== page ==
While the vast majority of professionally-led capital campaigns are successful in reaching their goals, the percentage falls off when congregations try to run their own campaigns without guidance. Here are the primary reasons why some campaigns fail:
Choosing the wrong leader
. Leadership requires talent and time to be successful. Occasionally, pastors who have experienced multiple campaigns during their pastorate believe they can organize and run a campaign on behalf of their congregation. That might be true if they can abandon their other responsibilities and no new ministry issues surface over the next six months. A prime example of this was a congregation that had started their campaign with a pastor who had been a part of eight campaigns. Surely he had the experience and learned techniques, but what no one counted on was that he'd be called to active military service from his National Guard unit. No documentation or written plan existed as the congregation tried to pick up where he left off.
A needs-based campaign rather than a vision-based campaign.
Often times the urgent needs of building maintenance just seem to bubble up from vocal committee members and pretty soon they add up to major dollars and a campaign emerges. Two problems with this approach are that the squeakiest wheel gets the oil first, and one person's "needs" may be another person's luxury item. When a vision for ministry is the objective, the priorities of a campaign become obvious to all.
Avoiding setting giving expectations.
Setting expectations for giving is often interpreted as telling someone else how much they should give. Mainline denominations are notorious for their poor giving history for congregations. Presbyterians, for instance, have traditionally given 1½ percent of their household income. A well-run campaign will first figure out what a giving formula will require in number and size of gifts, then try to match gifts with members who may be capable of a gift of that magnitude. It's not a matter of telling someone how much to give, as it is to ask them to prayerfully consider a gift of that size so that the campaign can be successful. Without this approach, it is virtually impossible for a congregation to be successful unless their goal is so low that they couldn't help but get there if they just made a simple ask for support.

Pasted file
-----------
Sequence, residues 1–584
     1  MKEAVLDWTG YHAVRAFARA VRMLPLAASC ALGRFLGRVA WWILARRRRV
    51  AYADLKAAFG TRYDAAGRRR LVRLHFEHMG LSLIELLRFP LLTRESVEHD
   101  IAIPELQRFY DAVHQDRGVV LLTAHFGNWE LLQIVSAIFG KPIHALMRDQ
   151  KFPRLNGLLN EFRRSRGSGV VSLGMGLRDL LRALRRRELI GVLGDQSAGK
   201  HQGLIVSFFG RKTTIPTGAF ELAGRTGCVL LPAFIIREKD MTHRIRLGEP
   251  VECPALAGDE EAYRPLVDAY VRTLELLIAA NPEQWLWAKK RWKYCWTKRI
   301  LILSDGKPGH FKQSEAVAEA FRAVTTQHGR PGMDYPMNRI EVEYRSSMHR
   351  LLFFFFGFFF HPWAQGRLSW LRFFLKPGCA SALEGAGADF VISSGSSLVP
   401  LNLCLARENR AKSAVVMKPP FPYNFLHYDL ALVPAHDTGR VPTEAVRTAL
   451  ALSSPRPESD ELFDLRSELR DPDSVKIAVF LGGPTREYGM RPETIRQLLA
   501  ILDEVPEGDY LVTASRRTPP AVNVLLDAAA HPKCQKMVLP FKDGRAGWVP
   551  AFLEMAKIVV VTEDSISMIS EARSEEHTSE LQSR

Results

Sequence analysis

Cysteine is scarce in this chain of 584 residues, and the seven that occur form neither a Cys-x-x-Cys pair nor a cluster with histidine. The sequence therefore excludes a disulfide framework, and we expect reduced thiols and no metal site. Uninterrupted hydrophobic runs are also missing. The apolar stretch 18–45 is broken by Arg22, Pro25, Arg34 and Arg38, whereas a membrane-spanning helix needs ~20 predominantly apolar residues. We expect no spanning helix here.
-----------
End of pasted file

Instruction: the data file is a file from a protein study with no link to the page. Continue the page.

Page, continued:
Counting on a congregation that's divided.
And then the most dangerous campaign technique - believing that a divided congregation will somehow unite by conducting a capital campaign. My most common comment on this subject is "capital campaigns do not cause division, but they can exacerbate the situation of a divided congregation." You must resolve conflict before you undertake a campaign, no exceptions.
. Generally speaking, congregation financial goals when undertaking a major project should be reasonably fully paid in two or no more than three consecutive three-year campaigns. A decade of paying pledge amounts that are two to three times what one is accustomed to contributing will wear down the excitement level of most members. After six straight years, congregation turnover and fatigue can wear down enthusiasm and giving to the annual budget. This can be a deadly mixture for future ministry objectives.